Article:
Unfinished Man

When you walk down Willis Street in Wellington, from the former BNZ building to Unity Books, you come to Chews Lane.  There has been a lot of development in this area over the last few years, and a run-down street front on Willis Street has turned into a series of stores selling designer clothes for the over-paid woman.  There is a lot of plate glass with finely stitched cloth hanging from manequins.  When I was in my  twenties Chews Lane was how you got into a bar called The Carpark, a bar where someone infamously got knifed, a bar off a lane that may as well have had “mug me” graffitied on the walls.  Now it is full of cafes selling variations on the theme of coffee, and overcharging customers for a glass of wine.  I was walking down Chews Lane at lunchtime last month and found that it was filled with two kinds of men. 

The first kind of man had come out of the office blocks in a navy suit with a colleague and a cell-phone, and was confidently walking somewhere with starched white table cloths for lunch.  His shoes were very shiny and his shirts were very white.  One of these men was wearing a black, felt trilby hat.  He probably was considered the office eccentric.  I think we can also allow ourselves to imagine BWMs, SUVs, two kids in a “good” school, golf clubs, etc, gold cards, etc. 

The second kind of man, a temporary interloper, came out of the construction site in one of buildings next to Chews Lane.  He wore work boots, and dirty jeans, a hard hat and a loose singlet.  His hands seemed large and hard, and his face sun beaten and grimy.  He walked in a different way.  Less upright, a laidback, wider sort of stance.  He was slouched across a bench smoking a cigarette and grinning wolfishly at the passing ponces in their navy suits.  His mates were taking their packed lunches down to the park. I think we can allow ourselves to imagine Holdens, SUVs, kids in school, watching the game on Sky, etc, mortgages, etc.

Aside from the man slouched on the bench, neither type of man seemed to notice the other.  Probably this is for the best.  People are different from each other and it’s just better if everyone goes about their business with a minimum of interaction when they are forced together in a lane, or a shop, or a job.

Of course, on camp it’s different.  On camp you are all forced together into activities and dining halls and dorms.  The result can be messy.



Without rules you have anarchy and with too many you have a dictatorship.  The middle ground is called democracy in which nothing is ever finished.  Democracy is the best way but it is not easy because part of us wants to tear down the walls and be totally free, and the other half wants all the things (and people) that annoy us to be dealt with, regulated and punished.  Democracy attempts to do both things, and because doing these two things is impossible it always seems like it is failing.  This appearance of failure is precisely the thing that means democracy is succeeding.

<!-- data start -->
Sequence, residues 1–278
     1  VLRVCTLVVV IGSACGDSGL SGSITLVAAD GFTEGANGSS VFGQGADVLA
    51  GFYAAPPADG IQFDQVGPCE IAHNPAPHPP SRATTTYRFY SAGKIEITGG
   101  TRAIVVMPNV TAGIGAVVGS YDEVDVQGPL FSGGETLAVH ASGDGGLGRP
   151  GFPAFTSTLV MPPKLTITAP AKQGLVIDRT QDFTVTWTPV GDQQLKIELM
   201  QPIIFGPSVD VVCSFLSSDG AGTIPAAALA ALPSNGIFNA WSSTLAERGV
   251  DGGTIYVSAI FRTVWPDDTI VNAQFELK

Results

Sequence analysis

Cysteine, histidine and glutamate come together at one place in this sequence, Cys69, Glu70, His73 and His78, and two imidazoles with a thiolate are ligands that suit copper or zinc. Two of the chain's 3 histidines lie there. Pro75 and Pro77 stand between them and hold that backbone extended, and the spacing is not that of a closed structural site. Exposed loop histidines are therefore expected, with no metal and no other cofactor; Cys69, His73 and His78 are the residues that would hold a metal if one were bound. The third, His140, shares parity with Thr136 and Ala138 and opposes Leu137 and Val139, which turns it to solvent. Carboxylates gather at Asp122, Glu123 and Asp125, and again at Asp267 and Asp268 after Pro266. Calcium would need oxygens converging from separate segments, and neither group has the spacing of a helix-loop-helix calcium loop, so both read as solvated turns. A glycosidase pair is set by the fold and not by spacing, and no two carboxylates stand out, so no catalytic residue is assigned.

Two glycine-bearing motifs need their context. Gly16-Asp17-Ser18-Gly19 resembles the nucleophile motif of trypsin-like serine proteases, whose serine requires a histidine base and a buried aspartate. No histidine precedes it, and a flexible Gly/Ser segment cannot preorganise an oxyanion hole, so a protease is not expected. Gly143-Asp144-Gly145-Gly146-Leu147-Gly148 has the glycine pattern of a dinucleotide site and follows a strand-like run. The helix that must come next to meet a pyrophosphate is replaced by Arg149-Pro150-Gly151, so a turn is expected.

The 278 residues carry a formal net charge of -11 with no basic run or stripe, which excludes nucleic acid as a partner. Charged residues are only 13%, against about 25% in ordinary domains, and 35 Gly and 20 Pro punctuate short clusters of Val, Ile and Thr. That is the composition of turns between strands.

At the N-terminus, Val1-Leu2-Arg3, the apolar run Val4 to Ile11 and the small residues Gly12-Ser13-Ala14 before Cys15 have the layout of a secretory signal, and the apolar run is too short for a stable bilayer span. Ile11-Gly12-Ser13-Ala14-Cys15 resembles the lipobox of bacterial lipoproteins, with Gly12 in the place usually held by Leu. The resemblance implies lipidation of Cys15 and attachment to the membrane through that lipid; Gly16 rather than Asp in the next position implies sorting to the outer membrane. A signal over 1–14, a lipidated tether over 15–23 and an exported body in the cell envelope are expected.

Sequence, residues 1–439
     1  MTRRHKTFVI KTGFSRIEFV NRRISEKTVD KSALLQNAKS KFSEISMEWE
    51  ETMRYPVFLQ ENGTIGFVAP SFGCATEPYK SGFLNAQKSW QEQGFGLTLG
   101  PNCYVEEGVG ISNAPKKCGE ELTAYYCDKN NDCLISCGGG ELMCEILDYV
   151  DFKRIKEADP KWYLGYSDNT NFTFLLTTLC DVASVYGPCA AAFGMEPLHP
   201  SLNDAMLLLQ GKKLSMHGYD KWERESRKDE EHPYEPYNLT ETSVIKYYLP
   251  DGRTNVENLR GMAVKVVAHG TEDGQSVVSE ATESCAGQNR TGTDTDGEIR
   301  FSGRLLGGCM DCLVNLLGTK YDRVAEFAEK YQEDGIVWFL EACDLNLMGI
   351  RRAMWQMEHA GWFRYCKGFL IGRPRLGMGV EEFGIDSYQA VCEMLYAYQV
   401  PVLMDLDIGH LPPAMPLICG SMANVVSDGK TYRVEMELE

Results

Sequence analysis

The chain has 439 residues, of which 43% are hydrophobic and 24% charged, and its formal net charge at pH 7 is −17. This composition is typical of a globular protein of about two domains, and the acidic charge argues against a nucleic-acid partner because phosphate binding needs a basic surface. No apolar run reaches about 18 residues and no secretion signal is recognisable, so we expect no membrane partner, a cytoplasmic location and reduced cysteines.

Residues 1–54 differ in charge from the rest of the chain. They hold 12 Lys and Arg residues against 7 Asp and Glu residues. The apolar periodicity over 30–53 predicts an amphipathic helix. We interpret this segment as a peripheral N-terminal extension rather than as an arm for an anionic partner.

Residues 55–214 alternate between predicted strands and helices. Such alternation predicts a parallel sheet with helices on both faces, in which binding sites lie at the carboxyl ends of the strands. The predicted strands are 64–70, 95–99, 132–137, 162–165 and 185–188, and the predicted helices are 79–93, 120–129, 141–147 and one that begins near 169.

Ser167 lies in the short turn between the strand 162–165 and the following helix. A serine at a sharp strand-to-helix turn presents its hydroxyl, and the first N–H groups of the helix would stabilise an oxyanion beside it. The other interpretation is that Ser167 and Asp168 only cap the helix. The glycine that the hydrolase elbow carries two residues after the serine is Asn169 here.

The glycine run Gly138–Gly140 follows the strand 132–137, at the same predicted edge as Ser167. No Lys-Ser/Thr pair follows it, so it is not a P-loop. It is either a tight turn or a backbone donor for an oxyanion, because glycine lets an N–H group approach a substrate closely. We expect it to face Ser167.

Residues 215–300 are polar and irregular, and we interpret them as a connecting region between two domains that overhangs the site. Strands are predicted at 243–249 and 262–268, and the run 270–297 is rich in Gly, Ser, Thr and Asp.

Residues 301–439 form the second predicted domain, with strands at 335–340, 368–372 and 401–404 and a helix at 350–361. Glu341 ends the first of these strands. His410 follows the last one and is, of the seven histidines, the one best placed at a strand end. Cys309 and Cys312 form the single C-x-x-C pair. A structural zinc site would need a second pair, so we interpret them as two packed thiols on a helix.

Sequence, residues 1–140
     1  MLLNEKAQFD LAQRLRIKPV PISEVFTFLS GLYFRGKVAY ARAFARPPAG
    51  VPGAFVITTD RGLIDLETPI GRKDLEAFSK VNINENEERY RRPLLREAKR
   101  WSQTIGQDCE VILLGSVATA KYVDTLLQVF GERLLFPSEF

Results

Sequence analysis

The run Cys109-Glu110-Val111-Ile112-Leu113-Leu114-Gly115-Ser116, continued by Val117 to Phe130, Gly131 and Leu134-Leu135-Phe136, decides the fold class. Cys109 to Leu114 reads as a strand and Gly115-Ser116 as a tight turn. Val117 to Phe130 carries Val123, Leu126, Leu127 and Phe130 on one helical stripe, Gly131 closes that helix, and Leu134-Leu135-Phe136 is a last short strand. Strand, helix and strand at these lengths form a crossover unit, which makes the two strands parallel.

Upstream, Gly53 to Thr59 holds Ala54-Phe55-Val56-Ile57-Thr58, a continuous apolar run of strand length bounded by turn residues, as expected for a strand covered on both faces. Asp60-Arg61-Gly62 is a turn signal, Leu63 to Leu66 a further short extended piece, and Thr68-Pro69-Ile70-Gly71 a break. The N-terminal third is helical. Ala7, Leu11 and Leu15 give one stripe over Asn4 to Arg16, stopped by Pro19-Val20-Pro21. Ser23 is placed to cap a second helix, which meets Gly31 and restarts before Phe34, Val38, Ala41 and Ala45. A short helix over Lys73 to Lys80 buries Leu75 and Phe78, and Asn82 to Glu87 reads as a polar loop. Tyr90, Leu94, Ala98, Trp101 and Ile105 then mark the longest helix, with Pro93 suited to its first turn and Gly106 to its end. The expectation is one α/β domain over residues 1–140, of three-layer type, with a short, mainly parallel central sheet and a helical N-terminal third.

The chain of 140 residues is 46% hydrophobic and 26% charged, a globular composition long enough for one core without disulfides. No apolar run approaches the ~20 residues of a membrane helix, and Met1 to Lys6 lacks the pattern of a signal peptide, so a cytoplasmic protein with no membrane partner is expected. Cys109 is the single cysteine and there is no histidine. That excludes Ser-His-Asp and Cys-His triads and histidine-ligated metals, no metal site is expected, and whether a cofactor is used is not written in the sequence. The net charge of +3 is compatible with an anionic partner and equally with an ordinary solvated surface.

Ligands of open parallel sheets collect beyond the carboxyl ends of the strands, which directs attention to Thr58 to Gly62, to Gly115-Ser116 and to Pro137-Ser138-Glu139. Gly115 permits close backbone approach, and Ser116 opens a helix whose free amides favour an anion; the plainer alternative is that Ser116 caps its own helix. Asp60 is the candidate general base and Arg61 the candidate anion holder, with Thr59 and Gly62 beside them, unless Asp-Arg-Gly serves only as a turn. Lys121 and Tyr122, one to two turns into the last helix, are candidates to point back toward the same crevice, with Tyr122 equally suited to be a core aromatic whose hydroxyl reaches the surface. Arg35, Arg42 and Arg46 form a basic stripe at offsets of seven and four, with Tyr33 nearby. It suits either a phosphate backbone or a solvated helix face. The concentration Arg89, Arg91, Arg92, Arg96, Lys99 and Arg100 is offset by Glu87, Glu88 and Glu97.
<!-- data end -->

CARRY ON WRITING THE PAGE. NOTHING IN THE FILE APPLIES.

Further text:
As with society, so with man.  I always want to be finished with myself because it would be a release from the pressure of always finding myself in flux.  But what would I be if I finished?  Either a deluded idealist on the dole thinking I was going to be a rock star or a writer without my wife or my daughter; or man who had put away all my childish things and lived without singing songs, or feeling hurt, or being petty, but had mastered the machinery of being a well oiled cog in the large machine of a business?




I was able to save some boys on camp from the herd.  I was able to take them out of cabins where they felt bullied and alone and put them in a safe place with sympathetic souls.  Others could not be saved.  They were also hurt but their response was not only tears, it was anger and violence.  I don’t know how to save them.


One of these boys sat with us and was told where he had failed, and he had failed, and through his tears he swore at us, and held his head in his hands, and ran and hid.  He was driven home to the people who had made the problem, and hurt their kids, and had passed the circle of anger and hurt on to their children.


The other of those who could not be saved abused me (“faggot, pussy”), and told me he was going to “knock me out”, he stood up and marched at me puffing himself up and shaping to throw a punch.  I have enough anger and foolish pride in me to stand up to the beast and he didn’t throw his punch.  He wanted to.  I could feel the blow flow through the air between us and land, but it was just the dream, the imaginary hope of a blow and not the real thing.  He had another go at me later, and then punched out a window instead.


I feel like I have been disrupted.  I am tired of being responsible and mature with the irresponsible and the immature.  At school I had believed that it was useful for someone like me to be a dean.  I’m not the construction site worker, or the man in the suit, I am somewhere in between.  But somewhere in between means I’m never finished.  Tired.  I’m tired.  To be myself I will have to always appear to be failing.  The problem is that the appearance of failure and actual failure seem the same to me.


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I wrote a book called Kaitiaki o te Pō

3 thoughts on “Unfinished Man”

  1. I really felt this post. Well done. I wanted to write something silly in reply. Bugger you for making me thoughtful!

  2. Wow!
    Powerful comments. This dispiritedness unfortunately is becoming endemic. I hope it doesn’t lead to a pull back by social professionals like yourself. I fight against it all the time but basically all the bad things wear you down.

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